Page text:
A delegation from the Inter-Parliamentary Alliance on China (IPAC), amongst which are two EU lawmakers currently sanctioned by Beijing, arrived in Taiwan’s capital of Taipei on November 1st. Against a backdrop of ever-mounting tensions with China, the visit revolves around trade, investment, and technology.
In an earlier statement to Politico, Reinhard Butikofer, who heads the delegation and is chair of the EU commission for relations with the People’s Republic of China (PRC), outlined the visit as having “very practical ambitions.”
After their 4-day visit, he continued, they “will return from Taiwan with an even clearer picture of what needs to be done in our respective legislatures, and we won’t rest until we have achieved them.”
The 12-member delegation—which includes parliamentarians Sjoerd Sjoerdsma (Netherlands), Mykola Kniazhytskyi (Ukraine), Els Van Hoof (Belgium), Avdullah Hoti (Kosovo), Eva Decroix (Czech Republic), and Judith Cummins (U.K.)—is expected to meet with top Taiwanese officials, including President Tsai Ing-wen, Premier Su Tseng-chang, and Foreign Minister Joseph Wu.
A visit to the legislature as well as talks with the Mainland Affairs Council and the Ministry of Economic Affairs are also envisioned. More importantly, the group will explore a deepening of economic and trade ties in various roundtable meetings with the European Economic and Trade Office, the European Business Council in Taiwan, and other related business associations. Cooperation in high-tech industries, supply chain security, and other fields is also on the agenda.
Last August, IPAC condemned the live-fire drills China had launched that summer in response to U.S. House Speaker Nancy Pelosi’s ‘provocative’ visit to Taiwan, which it views as a breakaway province. China’s continued aligning with Russia as it prosecutes its war in Ukraine has only served to make Western alarm more acute.
Kniazhytskyi, the Ukrainian member of the delegation, noted that “Ukraine and Taiwan have a lot in common.” He stressed how “dependency on Russia landed us and the world in a major crisis. We are sleepwalking into the same thing with Taiwan.”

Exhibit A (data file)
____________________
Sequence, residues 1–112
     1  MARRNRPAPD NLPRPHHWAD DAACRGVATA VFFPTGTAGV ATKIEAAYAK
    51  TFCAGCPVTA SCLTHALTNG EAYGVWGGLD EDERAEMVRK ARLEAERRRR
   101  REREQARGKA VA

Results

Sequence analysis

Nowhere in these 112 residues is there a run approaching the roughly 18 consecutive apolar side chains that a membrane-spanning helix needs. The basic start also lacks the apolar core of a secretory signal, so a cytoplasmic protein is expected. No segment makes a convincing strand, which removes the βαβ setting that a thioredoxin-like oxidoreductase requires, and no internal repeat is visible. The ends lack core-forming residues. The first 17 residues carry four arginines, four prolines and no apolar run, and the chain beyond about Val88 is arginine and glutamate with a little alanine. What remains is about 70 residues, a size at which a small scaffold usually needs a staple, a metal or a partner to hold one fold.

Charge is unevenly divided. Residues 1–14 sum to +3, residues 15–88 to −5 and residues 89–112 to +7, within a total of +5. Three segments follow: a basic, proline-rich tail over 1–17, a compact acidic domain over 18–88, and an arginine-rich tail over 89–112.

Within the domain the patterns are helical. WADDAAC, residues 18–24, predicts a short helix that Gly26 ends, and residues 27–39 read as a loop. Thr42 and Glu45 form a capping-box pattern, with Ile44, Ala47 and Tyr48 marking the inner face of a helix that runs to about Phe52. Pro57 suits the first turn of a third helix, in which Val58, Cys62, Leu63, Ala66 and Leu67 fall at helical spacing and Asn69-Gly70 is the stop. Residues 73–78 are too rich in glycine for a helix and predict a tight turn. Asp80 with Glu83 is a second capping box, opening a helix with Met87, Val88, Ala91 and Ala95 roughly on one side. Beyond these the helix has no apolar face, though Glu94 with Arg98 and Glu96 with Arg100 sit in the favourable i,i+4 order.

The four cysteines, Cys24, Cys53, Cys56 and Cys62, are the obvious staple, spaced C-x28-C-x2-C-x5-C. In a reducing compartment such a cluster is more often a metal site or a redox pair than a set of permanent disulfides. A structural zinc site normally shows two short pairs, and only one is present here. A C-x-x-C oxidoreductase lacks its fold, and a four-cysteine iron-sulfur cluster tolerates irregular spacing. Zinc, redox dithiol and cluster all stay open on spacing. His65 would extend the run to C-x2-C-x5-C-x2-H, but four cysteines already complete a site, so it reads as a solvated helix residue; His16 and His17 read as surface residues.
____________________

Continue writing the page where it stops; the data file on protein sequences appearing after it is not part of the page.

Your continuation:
IPAC defines itself as an “international cross-party group of legislators working towards reform on how democratic countries approach China,” and is drawn from “a representative cross-section of the world’s major political parties.” Citing the importance of a “free, open, and rules-based international order,” it calls for Beijing to be held to its standards.
Increasingly, Beijing (much like Moskow) is taking issue with being lectured in this way. With its stated mission, IPAC has therefore made itself quite unpopular with the Chinese Communist Party (CCP), which—under President Xi Jinping, who now has entered a never-before-seen third term after its 20th Party Congress—seems to be going back to its roots under Mao, its founding father.
In a Global Times article (a state-funded news outlet generally representative of the CCP’s views), the organization is described as “trying to unite parliamentarians from Western countries to boycott the Chinese mainland on affairs related to Taiwan, Xinjiang, and Tibet regions,” and to “further play the ‘human rights card’ for slandering China.”
Last March, both Butikofer and Sjoerdsma were blacklisted by China for their condemnation of Beijing’s human rights violations.
During the CCP Congress, Beijing formally adopted a more aggressive stance on Taiwan. Instead of “building solidarity,” it now strives to “resolutely oppose and constrain Taiwan’s independence.” It follows the warning cries uttered in recent weeks by various U.S. officials; among them, Secretary of State Antony Blinken. They suspect China of having set its plans for the use of force against Taiwan “on a much faster timeline” than anticipated.
In an effort to dissuade Beijing, the U.S. has struck a deal with Australia to host more of its B-52 bombers, which can carry nuclear as well as conventional weapons, bringing the total amount to six.
Commenting on the news, Chinese Foreign Ministry spokesperson Zhao Lijian told reporters at a briefing that these U.S. decisions “have increased regional tensions, seriously undermined regional peace and stability, and may trigger an arms race in the [Indo-Pacific]region.” Self-ruled Taiwan, understandably eager for a firm commitment from allies, meanwhile has to take into account some hesitation on the part of Western nations—visits considered too ‘high-level’ are doubtful, since they might compromise the “One China” pledges made to Beijing.
To that end, EU member countries have been called upon by the bloc’s foreign policy arm to work on “de-escalation and dissuasion,” so as to avoid a Chinese invasion of the island—which, while a threat to its sovereignty, could spell disaster for the export of advanced microchips to Europe, as Taiwan furnishes nearly 90% of them.